Big Hero 6 beat Christopher Nolan's Interstellar at the box office, but I hope to see the latter film with Thomas K.Y. and friends next weekend. Speaking of the uncanny valley, I'll probably skip Paddington and Penguins of Madagascar, but Minions does look amusing.

Rhode Island Comic Con 2014 report, Part 2 — farewell to Warehouse 13

On Sunday, 2 November 2014, Janice and I returned to the overcrowded Rhode Island Comic Con (RICC). The lines moved more smoothly, and we took in more of the sights at this latest genre entertainment convention.

We were pleased to join a full room for the Warehouse 13 panel. Saul Rubinek and Eddie McClintock shared the same chemistry as their characters — seasoned agent Artie Nielsen and wisecracking Pete Latimer — did in the treasure-hunting TV show. Rubinek explained that SyFy canceled Warehouse 13 because of its expensive production, dwindling audience numbers (not counting DVRs), and a shift back to "harder" speculative fiction.

Warehouse 13 cast

A fun SyFy show

McClintock took several questions from the audience and was just as charming as goofball Pete was on the show. Both actors also described how they bonded with the precise but philosophical Joanne Kelly as agent Myka Bering and youthful and professional Allison Scagliotti as wunderkind Claudia Donovan over five seasons.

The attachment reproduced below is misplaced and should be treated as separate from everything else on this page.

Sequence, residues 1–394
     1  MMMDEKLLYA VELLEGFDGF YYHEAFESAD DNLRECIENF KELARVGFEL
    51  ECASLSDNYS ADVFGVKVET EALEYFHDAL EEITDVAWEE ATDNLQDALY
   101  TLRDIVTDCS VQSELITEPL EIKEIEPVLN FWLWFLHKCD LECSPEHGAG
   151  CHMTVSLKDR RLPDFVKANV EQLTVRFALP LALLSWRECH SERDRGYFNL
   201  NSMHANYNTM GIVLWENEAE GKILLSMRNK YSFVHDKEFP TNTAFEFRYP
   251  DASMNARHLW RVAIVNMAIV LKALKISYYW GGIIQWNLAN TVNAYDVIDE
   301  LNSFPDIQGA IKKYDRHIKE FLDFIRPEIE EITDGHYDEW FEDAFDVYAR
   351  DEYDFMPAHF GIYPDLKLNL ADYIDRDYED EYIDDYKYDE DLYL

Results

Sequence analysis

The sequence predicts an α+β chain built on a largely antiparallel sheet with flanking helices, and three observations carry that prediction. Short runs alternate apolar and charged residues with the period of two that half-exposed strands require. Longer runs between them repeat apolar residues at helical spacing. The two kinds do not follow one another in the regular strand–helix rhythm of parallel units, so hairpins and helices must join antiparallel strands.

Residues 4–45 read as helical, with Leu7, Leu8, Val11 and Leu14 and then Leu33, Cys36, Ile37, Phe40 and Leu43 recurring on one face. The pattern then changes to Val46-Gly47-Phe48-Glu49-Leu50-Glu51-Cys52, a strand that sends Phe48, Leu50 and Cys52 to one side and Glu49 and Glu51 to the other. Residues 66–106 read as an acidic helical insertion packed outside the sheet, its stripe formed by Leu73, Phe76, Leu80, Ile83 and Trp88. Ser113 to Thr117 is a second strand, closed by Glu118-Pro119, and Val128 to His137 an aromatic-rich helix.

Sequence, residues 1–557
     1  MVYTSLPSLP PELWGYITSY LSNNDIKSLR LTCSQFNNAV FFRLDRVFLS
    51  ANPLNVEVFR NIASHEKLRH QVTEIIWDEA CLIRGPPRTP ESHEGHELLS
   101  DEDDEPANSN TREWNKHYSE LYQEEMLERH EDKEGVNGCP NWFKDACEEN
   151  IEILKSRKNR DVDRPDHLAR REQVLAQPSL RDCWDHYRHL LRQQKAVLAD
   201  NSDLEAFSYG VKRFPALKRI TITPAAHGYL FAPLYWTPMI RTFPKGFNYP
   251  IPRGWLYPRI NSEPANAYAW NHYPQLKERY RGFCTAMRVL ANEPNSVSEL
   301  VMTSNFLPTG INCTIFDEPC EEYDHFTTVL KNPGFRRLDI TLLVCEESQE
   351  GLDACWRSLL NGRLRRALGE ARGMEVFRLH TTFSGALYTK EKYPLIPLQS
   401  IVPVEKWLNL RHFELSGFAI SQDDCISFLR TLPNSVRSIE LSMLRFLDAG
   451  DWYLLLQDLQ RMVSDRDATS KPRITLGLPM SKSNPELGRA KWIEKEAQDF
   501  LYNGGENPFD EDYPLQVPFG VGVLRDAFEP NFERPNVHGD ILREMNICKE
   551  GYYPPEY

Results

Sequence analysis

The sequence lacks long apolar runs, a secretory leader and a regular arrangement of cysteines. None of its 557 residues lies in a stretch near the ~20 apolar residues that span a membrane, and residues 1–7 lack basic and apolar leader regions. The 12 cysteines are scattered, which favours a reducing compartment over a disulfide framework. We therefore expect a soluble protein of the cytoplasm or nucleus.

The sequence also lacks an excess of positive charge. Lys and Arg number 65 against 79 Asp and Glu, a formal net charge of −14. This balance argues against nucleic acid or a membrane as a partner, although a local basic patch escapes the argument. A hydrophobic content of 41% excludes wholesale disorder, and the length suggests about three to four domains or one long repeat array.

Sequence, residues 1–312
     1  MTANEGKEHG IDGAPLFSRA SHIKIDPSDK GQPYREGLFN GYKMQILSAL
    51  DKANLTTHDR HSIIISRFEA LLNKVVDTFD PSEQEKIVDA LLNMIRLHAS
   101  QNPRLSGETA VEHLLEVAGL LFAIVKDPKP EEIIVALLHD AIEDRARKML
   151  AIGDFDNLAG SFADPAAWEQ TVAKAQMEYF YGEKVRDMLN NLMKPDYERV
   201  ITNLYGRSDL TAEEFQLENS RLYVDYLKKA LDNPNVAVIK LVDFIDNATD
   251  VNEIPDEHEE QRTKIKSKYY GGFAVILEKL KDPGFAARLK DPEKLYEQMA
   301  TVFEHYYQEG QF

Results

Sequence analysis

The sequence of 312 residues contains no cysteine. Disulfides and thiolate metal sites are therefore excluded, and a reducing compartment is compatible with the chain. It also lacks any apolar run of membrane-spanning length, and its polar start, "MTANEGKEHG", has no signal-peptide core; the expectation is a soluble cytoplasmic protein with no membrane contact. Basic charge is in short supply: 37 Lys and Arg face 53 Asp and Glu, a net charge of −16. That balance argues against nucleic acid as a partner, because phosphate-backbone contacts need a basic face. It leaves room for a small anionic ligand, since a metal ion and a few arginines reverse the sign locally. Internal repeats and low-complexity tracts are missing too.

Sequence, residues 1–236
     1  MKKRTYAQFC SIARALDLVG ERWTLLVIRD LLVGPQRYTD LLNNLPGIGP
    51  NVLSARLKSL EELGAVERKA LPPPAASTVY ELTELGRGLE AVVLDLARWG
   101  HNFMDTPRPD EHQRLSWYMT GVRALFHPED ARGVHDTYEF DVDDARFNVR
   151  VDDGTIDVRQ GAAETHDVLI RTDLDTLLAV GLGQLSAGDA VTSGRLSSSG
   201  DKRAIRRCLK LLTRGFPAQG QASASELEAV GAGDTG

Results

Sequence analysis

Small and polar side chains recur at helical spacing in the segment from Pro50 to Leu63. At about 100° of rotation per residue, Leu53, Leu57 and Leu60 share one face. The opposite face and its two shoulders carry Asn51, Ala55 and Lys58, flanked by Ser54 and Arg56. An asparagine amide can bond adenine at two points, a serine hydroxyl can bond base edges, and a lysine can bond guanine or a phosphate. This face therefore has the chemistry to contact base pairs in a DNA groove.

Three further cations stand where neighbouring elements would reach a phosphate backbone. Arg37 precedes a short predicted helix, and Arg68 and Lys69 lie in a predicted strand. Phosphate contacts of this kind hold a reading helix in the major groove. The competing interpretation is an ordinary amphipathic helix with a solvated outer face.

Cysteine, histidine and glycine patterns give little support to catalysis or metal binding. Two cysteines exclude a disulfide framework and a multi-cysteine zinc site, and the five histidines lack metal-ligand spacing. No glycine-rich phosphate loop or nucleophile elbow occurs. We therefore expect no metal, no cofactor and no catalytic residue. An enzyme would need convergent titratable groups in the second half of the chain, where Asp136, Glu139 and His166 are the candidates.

While I appreciate NBC/Universal choosing to return to the channel's roots, I also think there's room for quality comedies and family shows that still fit under SyFy's umbrella. I'd prefer reruns of the Twilight Zone or The IT Crowd to wrestling or dumb "reality" competitions. At least fans got a decent sendoff for the underrated Warehouse 13, and there has been no shortage of supernatural procedurals lately.

Janice and I walked through the celebrity and cosplay areas, vendor aisles, and artists' alley one more time before heading back to Massachusetts. Among other things, I picked up the complete Young Justice on DVD. We had planned to get a group photo with Rubinek and McClintock, but because of scheduling snafus, it was not to be.